Why is Adrian Gonzalez’s father suing Major League Baseball?

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It has nothing to do with Adrian. It has everything to do with a 17 year-old pitching prospect named Daniel Pesqueira. Jorge Arangure of Sports on Earth has the story and it’s a fascinating one.

Pesqueira was in Fort Myers, trying out for the Red Sox and likely to receive a contract offer when Major League Baseball informed him that, contrary to what Pesqueira believed, he was under contract with the Mexico City Diablos Rojos of the Liga Mexicana de Beisbol (LMB). The only evidence that Pesqueira was under contract with Mexico City: a couple of exceedingly sketchy documents and Major League Baseball’s refusal to question the LMB’s assertions about their validity at all.

Enter David Gonzalez, who has taken up Pesqueira’s case, suing Major League Baseball and attempting to expose and ultimately put an end to the often shady dealings between LMB and MLB which keep Mexican ballplayers in a state which some of them call virtual slavery. What’s more: the pendency and outcome of the case could throw a major wrench into Major League Baseball’s plans to institute an international draft, as it seems so intent on doing.

Check out Arangure’s story and marvel at how much damage can be caused by some folks looking to make a few bucks and some other folks not having the nerve to rock the boat.

Report: White Sox acquire Yonder Alonso from Indians

Yonder Alonso
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The White Sox have reportedly picked up first baseman Yonder Alonso from the Indians, according to Stadium. The return for Alonso is expected to be nothing more flashy than a “fringe prospect,” though the minutiae of the deal is still pending a formal announcement from both teams.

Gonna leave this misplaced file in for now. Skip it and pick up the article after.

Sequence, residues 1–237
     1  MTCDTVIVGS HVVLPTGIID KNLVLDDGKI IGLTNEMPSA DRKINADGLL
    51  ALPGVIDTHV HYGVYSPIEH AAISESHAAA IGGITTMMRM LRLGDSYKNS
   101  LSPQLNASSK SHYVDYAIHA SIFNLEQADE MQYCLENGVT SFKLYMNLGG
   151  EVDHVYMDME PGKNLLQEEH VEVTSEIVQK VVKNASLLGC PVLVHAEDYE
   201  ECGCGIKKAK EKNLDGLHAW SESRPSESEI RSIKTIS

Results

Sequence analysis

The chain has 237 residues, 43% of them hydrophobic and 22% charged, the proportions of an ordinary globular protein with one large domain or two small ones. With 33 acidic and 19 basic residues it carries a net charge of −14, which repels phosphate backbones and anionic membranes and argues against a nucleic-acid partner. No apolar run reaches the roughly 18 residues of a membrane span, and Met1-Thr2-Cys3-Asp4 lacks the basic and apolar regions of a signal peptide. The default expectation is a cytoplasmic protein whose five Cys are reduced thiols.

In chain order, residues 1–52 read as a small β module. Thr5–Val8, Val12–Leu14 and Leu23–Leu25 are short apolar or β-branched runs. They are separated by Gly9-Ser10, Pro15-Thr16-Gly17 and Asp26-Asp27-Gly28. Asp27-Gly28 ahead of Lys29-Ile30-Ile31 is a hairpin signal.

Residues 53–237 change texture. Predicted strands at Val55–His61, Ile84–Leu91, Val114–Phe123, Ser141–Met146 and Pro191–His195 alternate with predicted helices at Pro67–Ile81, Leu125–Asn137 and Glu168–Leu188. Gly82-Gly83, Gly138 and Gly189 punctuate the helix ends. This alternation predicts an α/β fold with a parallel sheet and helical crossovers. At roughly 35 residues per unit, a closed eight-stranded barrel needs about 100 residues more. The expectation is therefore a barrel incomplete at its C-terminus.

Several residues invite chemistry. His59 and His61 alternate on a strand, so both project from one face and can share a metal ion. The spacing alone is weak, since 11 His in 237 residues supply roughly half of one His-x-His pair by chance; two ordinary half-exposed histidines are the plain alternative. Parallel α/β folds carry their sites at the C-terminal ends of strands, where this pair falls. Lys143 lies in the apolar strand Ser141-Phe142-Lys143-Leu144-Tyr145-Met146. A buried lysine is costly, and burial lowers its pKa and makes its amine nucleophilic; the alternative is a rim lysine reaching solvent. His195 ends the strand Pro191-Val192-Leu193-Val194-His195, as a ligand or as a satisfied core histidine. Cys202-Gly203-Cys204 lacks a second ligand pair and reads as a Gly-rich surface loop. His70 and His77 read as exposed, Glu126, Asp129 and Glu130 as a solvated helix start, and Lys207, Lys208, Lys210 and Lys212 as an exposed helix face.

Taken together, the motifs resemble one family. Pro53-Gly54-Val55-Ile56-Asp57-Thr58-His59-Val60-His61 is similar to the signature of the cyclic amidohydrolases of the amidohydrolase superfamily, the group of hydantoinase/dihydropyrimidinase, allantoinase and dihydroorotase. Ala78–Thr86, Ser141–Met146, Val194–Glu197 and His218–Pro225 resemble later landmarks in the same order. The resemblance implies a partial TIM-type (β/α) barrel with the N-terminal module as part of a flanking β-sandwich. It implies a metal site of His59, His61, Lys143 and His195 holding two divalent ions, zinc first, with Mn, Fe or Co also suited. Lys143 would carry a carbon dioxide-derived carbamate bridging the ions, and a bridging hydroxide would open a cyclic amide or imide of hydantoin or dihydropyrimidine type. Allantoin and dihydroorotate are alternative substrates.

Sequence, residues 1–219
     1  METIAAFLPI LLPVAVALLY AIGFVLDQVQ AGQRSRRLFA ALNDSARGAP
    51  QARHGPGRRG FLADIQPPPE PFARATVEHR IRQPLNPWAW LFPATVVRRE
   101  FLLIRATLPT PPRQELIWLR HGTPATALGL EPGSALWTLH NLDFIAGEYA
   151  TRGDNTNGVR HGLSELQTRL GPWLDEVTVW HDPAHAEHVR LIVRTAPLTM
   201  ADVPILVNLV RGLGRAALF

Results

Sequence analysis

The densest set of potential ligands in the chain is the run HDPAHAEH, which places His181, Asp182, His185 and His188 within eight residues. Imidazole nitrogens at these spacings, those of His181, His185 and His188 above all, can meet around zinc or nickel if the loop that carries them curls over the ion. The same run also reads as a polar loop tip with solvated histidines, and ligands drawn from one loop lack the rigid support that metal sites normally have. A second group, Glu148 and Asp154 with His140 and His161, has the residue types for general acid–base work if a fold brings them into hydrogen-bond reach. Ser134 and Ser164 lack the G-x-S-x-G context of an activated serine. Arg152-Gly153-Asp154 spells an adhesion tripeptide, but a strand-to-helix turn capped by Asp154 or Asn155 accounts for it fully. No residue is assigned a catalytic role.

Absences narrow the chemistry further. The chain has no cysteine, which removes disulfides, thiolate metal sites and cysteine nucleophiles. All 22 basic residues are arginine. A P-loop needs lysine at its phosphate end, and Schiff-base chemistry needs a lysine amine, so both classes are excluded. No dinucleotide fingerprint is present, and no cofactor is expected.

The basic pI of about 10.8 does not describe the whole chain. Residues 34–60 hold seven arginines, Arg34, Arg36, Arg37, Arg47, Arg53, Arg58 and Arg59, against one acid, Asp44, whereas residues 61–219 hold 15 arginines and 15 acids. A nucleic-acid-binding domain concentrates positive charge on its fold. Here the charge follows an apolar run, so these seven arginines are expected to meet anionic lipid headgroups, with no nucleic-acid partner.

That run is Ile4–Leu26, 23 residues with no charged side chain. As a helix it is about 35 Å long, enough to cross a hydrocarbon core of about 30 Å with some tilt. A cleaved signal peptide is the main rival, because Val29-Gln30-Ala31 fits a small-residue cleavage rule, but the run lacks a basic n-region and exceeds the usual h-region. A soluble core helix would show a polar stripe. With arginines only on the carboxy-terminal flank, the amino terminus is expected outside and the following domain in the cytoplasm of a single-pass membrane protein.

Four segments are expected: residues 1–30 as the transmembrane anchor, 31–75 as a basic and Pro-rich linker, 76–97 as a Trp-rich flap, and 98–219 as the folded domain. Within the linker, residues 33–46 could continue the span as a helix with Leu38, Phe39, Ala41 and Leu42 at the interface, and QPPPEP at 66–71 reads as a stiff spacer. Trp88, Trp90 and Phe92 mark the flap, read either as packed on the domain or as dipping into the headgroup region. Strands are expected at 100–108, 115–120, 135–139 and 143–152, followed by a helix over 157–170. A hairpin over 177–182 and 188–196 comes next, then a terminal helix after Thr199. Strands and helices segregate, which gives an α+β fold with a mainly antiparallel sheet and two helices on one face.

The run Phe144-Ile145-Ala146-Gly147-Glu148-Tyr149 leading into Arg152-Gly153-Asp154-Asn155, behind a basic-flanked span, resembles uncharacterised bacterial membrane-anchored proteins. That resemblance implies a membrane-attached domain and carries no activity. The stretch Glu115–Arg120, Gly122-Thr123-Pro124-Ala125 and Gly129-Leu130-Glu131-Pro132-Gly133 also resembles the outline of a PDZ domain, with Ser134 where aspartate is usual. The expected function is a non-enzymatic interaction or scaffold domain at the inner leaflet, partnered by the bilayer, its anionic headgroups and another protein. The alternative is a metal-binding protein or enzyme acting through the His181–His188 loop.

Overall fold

Alonso, 31, inked a two-year deal with the Indians during the 2017 offseason. His first campaign with the club yielded a modest .250/.317/.421 batting line, 23 home runs, .738 OPS and 0.7 fWAR in 574 PA. The real boon for the White Sox may not be a passable veteran bat, however, but something more intangible — like Alonso’s clout with his brother-in-law and highly-coveted free agent slugger, Manny Machado.

While Alonso’s 2018 output represented a significant decline from the career-best numbers he posted in 2017, he’s still a solid contributor at the plate and, more importantly, slated to remain under team control for the next two years with just $8 million owed in 2019 and a $9 million option in 2020. As MLB.com’s Anthony Castrovince notes, the $17 million the Indians just erased from their payroll should give them enough room to accommodate the contracts for right-handers Trevor Bauer and Corey Kluber — a bonus regardless of what they happen to get in the trade.